500.A15A4 Steering Committee/508: Telegram (part air)

The Minister in Switzerland ( Wilson ) to the Secretary of State

40. Your 25, April 14, 5 p.m. I appreciate the force of your last sentence but want nevertheless to present certain considerations.

During the past 6 months political and economic conditions on the Continent have become appreciably better. Italy seems to have joined [Page 2] the satisfied states and the Spanish affair4 while still dangerous shows a certain European political accord. The reception given throughout the Continent to Van Zeeland’s5 explorations in the economy field is encouraging. Germany’s last note to Eden,6 which I have read in the German Legation here, shows a marked advance in that Germany no longer insists on the abrogation of the Russo-French Pact7 but only the elimination of the automatic feature. Thus I have the impression that the evolution in Western and Central Europe is slowly reaching a point where pacification between the great states may be possible.

In looking over the course of events since the Locarno treaties8 I am struck with the fact that repeated attempts to bring Germany more closely into European cooperation failed largely because the negotiations were initiated without the presence and collaboration of Germany. I feel strongly that any attempt to build a plan for restriction of armaments in Germany’s absence is doomed to failure. I feel that even a plan to bring about economic betterment in Europe without consultation with Germany is doomed to at least partial failure. The tide of Europe depends in the final analysis upon the state of mind of a dozen men in Berlin and I fear cannot be accomplished until those men are willing to sacrifice some of the so-called advantages of autarchy for the real advantages of international collaboration.

The French urged on the Assembly a meeting of the Bureau of the Disarmament Conference. In repeated and thoroughgoing talks with Vienot9 and Massigli,10 I failed to find any positive idea behind this step and indeed received the impression that Blum’s11 démarche had been made purely in fulfillment of election pledges and to satisfy one section of his voters. Equally I can find no positive attitude among the British in respect to the Bureau. Agreement between the British and French on the traffic in arms problem is, as far as I am aware, as remote as it was 2 years ago. Agreement on publicity of national expenditure might be possible between them. It would, incidentally, be embarrassing to us because of the Army’s attitude.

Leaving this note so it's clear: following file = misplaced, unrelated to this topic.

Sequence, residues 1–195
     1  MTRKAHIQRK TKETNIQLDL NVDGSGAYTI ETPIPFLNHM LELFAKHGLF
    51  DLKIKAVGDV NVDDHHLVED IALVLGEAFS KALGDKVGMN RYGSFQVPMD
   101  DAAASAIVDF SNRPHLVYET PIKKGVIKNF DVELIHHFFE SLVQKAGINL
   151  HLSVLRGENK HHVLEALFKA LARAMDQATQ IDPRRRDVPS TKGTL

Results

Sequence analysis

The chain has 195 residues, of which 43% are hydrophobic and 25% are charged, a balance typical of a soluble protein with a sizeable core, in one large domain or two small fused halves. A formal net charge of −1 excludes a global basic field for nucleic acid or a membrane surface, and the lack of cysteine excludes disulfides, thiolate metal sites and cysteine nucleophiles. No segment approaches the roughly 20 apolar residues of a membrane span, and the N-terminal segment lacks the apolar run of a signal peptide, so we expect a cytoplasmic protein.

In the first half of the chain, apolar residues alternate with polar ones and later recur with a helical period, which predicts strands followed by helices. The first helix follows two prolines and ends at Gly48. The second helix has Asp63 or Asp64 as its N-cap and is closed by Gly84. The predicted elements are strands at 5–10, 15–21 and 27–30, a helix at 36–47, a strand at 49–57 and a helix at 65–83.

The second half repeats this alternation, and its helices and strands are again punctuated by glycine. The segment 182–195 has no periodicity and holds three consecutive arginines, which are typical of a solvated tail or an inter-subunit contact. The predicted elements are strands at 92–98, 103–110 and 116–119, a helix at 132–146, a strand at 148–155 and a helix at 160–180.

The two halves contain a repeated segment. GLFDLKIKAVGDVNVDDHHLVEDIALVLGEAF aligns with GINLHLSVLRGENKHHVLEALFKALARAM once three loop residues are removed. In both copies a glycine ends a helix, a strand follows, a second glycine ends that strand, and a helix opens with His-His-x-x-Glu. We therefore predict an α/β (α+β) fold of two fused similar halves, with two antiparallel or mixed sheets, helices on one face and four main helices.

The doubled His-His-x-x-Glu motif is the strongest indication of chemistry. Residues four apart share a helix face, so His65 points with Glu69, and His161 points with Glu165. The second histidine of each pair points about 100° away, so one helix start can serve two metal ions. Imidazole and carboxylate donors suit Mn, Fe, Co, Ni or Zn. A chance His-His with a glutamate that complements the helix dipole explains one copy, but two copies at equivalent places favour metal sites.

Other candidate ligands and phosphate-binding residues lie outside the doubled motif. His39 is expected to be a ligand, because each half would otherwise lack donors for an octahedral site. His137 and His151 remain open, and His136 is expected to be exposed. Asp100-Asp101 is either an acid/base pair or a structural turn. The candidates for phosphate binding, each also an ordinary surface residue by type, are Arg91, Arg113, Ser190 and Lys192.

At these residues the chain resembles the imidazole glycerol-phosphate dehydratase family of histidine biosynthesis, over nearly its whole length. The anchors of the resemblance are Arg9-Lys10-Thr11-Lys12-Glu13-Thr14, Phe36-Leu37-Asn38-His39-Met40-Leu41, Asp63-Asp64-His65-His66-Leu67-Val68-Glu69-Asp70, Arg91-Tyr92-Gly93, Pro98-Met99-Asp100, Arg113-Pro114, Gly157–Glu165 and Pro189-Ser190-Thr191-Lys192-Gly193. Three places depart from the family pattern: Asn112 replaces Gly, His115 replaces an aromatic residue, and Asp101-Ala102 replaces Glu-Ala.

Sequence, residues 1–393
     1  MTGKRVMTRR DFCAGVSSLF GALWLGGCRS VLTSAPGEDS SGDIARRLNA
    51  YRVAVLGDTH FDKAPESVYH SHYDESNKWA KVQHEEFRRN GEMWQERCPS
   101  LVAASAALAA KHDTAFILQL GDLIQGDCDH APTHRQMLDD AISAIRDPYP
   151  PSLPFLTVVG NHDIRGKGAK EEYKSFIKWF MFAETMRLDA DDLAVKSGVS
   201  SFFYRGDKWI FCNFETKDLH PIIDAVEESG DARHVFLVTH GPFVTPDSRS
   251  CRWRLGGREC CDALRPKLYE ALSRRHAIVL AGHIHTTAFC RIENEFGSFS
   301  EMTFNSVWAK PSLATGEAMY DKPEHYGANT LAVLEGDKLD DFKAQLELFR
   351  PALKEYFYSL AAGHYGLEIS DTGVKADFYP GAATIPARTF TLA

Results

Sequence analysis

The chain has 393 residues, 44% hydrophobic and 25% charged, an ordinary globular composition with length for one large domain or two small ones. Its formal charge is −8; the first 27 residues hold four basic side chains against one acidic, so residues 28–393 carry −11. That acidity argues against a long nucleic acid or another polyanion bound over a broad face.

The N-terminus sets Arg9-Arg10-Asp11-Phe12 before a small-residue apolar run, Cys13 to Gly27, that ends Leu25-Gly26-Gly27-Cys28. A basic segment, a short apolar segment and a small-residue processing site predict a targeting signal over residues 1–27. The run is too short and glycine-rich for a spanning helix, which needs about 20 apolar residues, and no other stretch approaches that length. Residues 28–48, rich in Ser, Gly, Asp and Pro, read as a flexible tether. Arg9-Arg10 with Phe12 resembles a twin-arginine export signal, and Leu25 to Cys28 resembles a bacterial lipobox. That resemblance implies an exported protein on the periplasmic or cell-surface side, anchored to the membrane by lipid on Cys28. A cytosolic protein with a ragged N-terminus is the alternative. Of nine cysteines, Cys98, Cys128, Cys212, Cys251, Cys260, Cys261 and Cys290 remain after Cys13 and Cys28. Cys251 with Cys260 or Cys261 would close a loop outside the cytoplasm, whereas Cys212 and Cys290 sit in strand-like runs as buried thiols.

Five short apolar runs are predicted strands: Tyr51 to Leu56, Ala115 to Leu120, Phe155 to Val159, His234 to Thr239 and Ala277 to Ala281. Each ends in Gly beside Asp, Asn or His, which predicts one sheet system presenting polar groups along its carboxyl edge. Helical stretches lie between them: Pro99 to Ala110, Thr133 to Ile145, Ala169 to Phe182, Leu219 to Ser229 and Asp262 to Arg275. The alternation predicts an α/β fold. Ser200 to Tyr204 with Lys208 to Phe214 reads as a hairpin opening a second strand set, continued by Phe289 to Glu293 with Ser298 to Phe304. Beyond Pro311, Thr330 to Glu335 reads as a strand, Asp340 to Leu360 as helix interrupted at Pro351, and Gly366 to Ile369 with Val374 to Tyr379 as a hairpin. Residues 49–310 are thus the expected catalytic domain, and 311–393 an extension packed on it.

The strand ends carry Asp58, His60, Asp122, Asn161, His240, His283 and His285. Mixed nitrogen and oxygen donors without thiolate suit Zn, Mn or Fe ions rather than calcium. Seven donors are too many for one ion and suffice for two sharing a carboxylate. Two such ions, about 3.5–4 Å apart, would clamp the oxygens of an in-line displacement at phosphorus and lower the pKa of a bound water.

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Even supposing agreement were possible on some minor phase the very fact of an agreement being made in Geneva within the League of Nations would bring about its refusal by Germany and very probably by Italy.

I must say bluntly I deplore the calling of the Bureau and only hope that the meeting can be as decorously unobtrusive as possible. I am apprehensive of the publicity of the meeting and fear its effect on the gradually bettering sentiment on the Continent.

I believe that political understanding between the great states of Western Europe must precede any successful general gathering and as a corollary thereto that any prior attempt to convene a general gathering may even jeopardize such an understanding.

Mr. Davis’ authoritative position is so well known in Europe and hope is so wide-spread that America will take an initiative that the mere statement that he is coming to Geneva would give rise to the belief that the United States had some specific proposal for solving the problem and unless we had such a proposal his visit could only result in disillusion. Furthermore, our interest in and position on disarmament is so thoroughly well known as not to require additional emphasis in Geneva.

The foregoing is based on impressions I received and conclusions I drew some months ago at the last Council meeting. Since that time I have had no opportunity to talk to responsible people in France and England and it may be that new and more hopeful factors of which I am unaware would reverse the opinions I have expressed.

I am sending a copy of this message to Mr. Davis who will have more recent facts at his disposition.

  1. Seee pp. 215 ff.
  2. Paul van Zeeland, Belgian Prime Minister.
  3. Anthony Eden, British Secretary of State for Foreign Affairs, and delegate to the League of Nations Assembly.
  4. Mutual military assistance agreement, signed May 2, 1935; League of Nations Treaty Series, vol. clxvii, p. 395.
  5. The several treaties signed on October 16, 1925, at Locarno, between Belgium, France, Germany, Italy, and the United Kingdom; see League of Nations Treaty Series, vol. liv, pp. 289–363.
  6. Pierre Vienot, French auxiliary Under Secretary of State for Foreign Affairs, and deputy delegate to the League of Nations Assembly.
  7. René Massigli, Assistant Director of Political and Commercial Affairs, French Ministry for Foreign Affairs; and assistant deputy delegate to the League of Nations Assembly.
  8. Léon Blum, President of French Council of Ministers.